The 11040 here is the specific id of the text box I used.  You should substitute that number for the number of the specific text box containing the link that you obtained from the description dialog box.  If this is done at the title level, then it need be done once, and the link will be active on all subsequent pages.  I have not tested the skip navigation/skip to content functionality in the published HTML without a screen reader active.  If it does not produce reliable results, I don’t see other options for dexterity impaired users.

    A word of caution here: there is another bug in Lectora 17 whereby the first element in the title explorer will not be the first tab stop (see a previous post I made); it ends up being at the bottom of the page; however, if you place other elements above it (those not getting a tab stop, such as graphics), that will often resolve the bug issue.

    I hope this helps.

    Bill

     

    #373293 Score: 0
    Profile photo of Margaret Guillory
    Margaret Guillory
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    @mguillory8564

    Now a new wrinkle. I have done one module with Jason’s CSS and format suggestions and one module with Bill’s CSS and format suggestions. I tried to publish both. Both times I got error messages,

    I got error messages on both styles.

    Only Prev Page/Next Page actions are valid with a test/test section in random mode.

    I got this error message for each question in the quiz at the end.

    If I take the quiz off random test question selection, the SCORM will publish, no problem.

    But with randomizing, it sends it into fits.

    What do I do now?

    #373296 Score: 0
    Profile photo of Jason Dalrymple
    Jason Dalrymple
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    @JasonADal

    A quick correction for the button JavaScript action. You need to have “btn” in the HTMLNAME area:

    document.getElementById(“%HTMLNAME%btn”).focus();

    Without “btn”, you’re targeting the div ID, not the button ID. It’s the same concept as hiding an image from tab order, as you have to target the “<a” name of the element. I also prefer to use onShow as an action on the element for two reasons:

    • It prevents the RunJS from running “too early”; I’ve had experiences where the JS is “run” before the element is rendered.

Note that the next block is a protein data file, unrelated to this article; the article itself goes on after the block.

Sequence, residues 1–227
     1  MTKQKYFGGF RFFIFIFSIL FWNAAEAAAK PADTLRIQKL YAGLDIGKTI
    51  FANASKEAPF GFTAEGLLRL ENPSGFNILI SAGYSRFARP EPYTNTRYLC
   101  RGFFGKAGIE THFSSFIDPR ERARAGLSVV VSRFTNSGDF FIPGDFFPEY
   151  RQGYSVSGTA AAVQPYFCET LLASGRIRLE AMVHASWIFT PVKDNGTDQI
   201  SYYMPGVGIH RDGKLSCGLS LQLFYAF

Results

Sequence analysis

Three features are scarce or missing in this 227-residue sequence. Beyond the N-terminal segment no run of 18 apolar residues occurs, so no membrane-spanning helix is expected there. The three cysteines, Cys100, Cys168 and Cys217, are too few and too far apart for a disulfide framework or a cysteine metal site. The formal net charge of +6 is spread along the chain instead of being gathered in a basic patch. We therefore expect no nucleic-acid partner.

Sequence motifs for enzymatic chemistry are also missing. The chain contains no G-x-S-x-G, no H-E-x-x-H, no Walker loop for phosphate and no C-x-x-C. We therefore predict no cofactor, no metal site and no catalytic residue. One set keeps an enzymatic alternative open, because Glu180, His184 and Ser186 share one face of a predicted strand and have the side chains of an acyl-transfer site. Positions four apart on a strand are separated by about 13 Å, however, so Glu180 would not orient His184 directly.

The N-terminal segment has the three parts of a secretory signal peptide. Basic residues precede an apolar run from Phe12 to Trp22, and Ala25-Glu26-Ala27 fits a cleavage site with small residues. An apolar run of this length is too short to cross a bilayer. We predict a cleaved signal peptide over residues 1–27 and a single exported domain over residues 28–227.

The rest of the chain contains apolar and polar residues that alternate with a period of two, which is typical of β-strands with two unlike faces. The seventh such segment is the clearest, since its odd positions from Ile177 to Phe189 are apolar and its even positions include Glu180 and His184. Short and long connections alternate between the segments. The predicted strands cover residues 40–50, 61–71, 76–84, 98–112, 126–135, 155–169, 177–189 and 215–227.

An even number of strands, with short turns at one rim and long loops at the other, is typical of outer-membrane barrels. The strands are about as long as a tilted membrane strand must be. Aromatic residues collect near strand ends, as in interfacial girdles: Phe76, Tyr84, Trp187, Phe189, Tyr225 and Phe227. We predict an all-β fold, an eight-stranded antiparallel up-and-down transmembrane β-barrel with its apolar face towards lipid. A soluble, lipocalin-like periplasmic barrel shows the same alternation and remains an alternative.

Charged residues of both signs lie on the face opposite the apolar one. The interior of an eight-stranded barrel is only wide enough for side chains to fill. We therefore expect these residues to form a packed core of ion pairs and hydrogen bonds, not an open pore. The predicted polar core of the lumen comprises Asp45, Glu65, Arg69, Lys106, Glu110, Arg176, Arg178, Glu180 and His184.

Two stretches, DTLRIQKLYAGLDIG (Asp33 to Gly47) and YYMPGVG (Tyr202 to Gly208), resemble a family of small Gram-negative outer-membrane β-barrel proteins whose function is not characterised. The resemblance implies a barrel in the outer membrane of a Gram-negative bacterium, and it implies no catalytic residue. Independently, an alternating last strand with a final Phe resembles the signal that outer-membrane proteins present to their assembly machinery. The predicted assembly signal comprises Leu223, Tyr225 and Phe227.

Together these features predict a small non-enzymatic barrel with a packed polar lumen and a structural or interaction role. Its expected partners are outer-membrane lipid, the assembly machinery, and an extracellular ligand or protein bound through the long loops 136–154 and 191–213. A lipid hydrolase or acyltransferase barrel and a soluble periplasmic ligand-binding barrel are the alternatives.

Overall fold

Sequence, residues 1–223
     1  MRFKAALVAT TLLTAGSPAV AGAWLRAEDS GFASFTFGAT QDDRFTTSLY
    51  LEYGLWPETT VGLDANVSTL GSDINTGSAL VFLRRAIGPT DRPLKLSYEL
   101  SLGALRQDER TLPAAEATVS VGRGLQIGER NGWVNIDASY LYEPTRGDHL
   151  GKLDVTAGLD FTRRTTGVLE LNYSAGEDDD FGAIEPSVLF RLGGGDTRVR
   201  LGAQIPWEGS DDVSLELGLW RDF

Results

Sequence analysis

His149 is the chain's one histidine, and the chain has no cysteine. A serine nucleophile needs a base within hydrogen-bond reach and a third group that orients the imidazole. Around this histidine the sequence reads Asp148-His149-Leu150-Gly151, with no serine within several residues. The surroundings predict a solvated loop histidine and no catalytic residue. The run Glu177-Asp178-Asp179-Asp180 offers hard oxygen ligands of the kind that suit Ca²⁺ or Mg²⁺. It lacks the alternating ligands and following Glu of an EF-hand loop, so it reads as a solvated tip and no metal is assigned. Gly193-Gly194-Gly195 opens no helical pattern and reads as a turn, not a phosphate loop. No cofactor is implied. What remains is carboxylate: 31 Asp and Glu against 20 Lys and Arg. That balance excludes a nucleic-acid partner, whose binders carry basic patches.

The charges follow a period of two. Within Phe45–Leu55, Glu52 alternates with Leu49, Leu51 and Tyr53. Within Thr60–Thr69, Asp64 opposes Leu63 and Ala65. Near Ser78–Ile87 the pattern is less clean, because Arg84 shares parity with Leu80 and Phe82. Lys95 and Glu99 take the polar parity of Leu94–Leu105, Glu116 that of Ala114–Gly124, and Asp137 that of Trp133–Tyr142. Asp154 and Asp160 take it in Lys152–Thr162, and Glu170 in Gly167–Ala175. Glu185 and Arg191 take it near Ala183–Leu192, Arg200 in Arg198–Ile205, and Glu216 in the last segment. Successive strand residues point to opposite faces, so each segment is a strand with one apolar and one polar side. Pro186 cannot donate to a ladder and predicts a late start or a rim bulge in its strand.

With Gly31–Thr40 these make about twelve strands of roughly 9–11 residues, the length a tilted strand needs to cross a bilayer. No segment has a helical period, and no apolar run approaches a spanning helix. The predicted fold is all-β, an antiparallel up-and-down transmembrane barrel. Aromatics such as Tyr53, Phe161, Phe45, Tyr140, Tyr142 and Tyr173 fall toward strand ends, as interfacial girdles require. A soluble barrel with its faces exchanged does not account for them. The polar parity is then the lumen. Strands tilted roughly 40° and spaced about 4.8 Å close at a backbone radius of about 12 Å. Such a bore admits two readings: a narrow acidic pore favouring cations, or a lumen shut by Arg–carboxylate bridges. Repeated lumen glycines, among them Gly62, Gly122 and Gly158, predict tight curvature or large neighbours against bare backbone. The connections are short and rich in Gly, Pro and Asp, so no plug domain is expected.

• You can attach the action to ANY button without having to edit the name in the JS (see below). This allows me to create a library object that I add to any element, based on it’s type.

    If I’m reading Bill’s CSS correctly, I wonder if it may be better to use a custom div and class rather than targeting the specific element in the CSS? I’m not totally CSS saavy to know with confidence what that would look like from a coding perspective, but maybe “#customdivname .classname” etc.? I would need help with that potential method.

     

    #373298 Score: 0
    Profile photo of Margaret Guillory
    Margaret Guillory
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    @mguillory8564

    The JavaScript Action was as you have shown above already.

    #373300 Score: 0
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    Jason Dalrymple
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    @JasonADal

    Margaret – My first instinct is an inheritance issue. On the test, make sure it’s not inheriting the navigation buttons from the AU level. By default, nothing is inherited at the title level, so in theory, that may not be it. I’m of the KISS method of troubleshooting to rule out the simplest possible solution first.

    It could also be the Last test page, as it includes a “done” button that has a process test action. This action is not necessary for randomized tests. The course will automatically process the test on the final question then go to the next page OR the pages you’ve selected on the test behavior ribbon.

    #373302 Score: 0
    Profile photo of Margaret Guillory
    Margaret Guillory
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    @mguillory8564

    The disinheriting the top navigation buttons suggestion. Did the trick. Thanks so much.

    #379586 Score: 0
    Profile photo of Jason Dalrymple
    Jason Dalrymple
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    @JasonADal

    I know this is an older topic, but I stumbled across a site that has a specific link for a Skip Navigation Builder:

    Accessify

    I haven’t looked closely as I’m buried in other function building, but there are quite a few great tools!